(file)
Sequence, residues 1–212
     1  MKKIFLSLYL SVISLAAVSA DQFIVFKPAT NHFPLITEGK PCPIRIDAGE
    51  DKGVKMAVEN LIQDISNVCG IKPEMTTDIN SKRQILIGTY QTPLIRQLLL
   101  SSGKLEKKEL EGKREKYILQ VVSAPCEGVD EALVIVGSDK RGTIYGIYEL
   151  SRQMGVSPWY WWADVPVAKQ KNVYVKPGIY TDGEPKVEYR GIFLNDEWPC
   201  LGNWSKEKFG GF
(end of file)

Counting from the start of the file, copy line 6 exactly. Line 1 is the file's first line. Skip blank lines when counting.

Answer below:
   201  LGNWSKEKFG GF